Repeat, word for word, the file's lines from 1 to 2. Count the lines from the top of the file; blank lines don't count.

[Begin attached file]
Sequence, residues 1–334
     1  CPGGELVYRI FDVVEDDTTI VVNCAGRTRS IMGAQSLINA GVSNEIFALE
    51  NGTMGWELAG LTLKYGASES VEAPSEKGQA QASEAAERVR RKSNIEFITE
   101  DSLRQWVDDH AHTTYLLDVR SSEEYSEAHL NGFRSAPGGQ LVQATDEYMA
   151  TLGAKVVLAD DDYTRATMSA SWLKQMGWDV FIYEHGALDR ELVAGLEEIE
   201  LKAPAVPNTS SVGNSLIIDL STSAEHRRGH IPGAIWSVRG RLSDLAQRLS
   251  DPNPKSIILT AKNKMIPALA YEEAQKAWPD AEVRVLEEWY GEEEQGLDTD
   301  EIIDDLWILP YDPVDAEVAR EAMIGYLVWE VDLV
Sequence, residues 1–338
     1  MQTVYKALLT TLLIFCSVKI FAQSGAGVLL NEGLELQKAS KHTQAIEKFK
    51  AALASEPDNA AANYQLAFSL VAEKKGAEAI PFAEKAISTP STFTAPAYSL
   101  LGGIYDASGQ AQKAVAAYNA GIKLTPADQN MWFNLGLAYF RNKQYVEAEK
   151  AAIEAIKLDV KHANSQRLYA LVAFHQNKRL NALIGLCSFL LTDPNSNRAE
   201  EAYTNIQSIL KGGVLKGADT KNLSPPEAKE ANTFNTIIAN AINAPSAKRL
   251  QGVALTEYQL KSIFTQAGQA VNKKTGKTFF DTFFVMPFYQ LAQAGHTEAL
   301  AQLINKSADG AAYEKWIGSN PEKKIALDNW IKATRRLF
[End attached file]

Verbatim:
Sequence, residues 1–334
     1  CPGGELVYRI FDVVEDDTTI VVNCAGRTRS IMGAQSLINA GVSNEIFALE